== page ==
Scientists use a range of techniques—from satellite observations to drilling holes—to measure sea ice thickness. Usually, such efforts look down at the sea floor. But, by equipping an underwater drone with upward-looking sonar, researchers were able to create the first high-resolution 3D maps of Antarctic sea ice.

This video footage shows the 6.5-foot-long SeaBED autonomous underwater vehicle (AUV) being deployed and then slowly gathering data that was used to create the maps. The scientists hope that their work will step up the pace of research in the polar regions aimed at understanding the dramatic sea ice changes in the context of climate change.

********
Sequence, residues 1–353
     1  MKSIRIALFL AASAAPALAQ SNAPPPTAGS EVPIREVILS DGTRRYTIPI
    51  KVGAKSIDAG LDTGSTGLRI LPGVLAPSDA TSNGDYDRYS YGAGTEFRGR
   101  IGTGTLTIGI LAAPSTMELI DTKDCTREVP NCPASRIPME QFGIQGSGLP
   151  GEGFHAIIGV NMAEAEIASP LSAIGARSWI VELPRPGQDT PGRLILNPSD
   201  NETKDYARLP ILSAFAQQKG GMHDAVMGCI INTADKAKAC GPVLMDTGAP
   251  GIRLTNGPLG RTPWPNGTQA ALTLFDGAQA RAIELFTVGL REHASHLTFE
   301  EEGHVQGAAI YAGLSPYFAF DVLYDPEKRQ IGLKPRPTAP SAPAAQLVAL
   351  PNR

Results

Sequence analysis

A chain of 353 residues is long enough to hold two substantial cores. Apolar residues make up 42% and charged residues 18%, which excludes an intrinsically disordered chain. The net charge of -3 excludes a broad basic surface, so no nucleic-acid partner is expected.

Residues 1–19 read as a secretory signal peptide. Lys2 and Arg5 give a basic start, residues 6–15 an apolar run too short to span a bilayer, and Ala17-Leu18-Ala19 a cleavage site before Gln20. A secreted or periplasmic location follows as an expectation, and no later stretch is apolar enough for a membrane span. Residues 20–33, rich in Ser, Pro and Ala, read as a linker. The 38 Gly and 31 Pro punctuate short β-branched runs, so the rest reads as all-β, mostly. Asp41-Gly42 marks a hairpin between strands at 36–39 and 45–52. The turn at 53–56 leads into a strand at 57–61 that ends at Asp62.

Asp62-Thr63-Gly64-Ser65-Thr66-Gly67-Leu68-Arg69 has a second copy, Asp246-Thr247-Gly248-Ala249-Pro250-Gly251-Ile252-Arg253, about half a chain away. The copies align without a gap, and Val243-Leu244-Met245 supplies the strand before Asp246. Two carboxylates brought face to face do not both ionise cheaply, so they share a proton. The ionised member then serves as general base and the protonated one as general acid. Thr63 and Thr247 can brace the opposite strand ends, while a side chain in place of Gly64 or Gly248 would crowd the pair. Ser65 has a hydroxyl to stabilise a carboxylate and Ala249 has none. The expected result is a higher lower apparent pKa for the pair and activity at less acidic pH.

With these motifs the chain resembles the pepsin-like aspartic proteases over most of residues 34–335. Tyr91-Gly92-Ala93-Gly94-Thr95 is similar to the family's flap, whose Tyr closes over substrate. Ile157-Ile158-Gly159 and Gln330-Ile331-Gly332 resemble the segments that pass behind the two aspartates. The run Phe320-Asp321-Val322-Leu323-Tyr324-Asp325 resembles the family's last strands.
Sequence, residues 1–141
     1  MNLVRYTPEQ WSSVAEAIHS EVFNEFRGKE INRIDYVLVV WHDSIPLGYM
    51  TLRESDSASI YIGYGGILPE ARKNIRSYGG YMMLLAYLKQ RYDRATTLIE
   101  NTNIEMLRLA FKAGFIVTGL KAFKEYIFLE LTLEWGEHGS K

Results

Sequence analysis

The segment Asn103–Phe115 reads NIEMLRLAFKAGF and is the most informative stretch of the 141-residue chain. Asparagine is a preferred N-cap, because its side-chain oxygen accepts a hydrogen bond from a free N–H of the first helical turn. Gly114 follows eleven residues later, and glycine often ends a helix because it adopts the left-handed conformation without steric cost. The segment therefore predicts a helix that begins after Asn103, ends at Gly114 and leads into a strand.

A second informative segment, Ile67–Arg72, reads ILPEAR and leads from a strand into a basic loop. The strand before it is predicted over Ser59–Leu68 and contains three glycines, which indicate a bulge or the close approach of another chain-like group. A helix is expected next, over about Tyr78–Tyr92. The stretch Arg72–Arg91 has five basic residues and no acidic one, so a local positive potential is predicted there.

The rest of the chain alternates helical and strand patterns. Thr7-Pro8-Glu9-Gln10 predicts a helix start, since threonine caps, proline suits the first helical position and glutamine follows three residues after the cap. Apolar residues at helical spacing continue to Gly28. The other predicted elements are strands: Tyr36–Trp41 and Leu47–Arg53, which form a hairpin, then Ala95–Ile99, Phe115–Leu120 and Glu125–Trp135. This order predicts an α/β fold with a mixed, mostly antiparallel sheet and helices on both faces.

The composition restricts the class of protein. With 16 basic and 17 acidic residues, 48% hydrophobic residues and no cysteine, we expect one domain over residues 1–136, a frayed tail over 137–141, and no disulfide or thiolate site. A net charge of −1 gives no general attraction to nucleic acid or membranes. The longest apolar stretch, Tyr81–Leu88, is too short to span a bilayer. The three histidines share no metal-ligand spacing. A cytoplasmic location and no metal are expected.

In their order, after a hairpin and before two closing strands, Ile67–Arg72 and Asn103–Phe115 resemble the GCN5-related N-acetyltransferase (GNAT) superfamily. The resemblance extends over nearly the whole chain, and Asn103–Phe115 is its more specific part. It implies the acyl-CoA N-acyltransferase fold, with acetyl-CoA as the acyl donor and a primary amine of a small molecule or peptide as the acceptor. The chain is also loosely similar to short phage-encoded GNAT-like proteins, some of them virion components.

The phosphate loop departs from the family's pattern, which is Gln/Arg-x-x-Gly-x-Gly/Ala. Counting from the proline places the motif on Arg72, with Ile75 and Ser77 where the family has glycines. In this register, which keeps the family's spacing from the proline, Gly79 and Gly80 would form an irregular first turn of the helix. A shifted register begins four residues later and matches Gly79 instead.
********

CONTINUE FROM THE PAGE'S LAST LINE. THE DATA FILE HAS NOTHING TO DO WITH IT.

"The AUV missions have given us a real insight into the nature of Antarctic sea ice—like looking through a microscope, says Jeremy Wilkinson from the British Antarctic Survey. “We can now measure ice in far greater detail and were excited to measure ice up to 17 meters [56 feet] thick."

The results of the study have just been published in the journal Nature Geoscience.

Image and video: Woods Hole Oceanographic Institution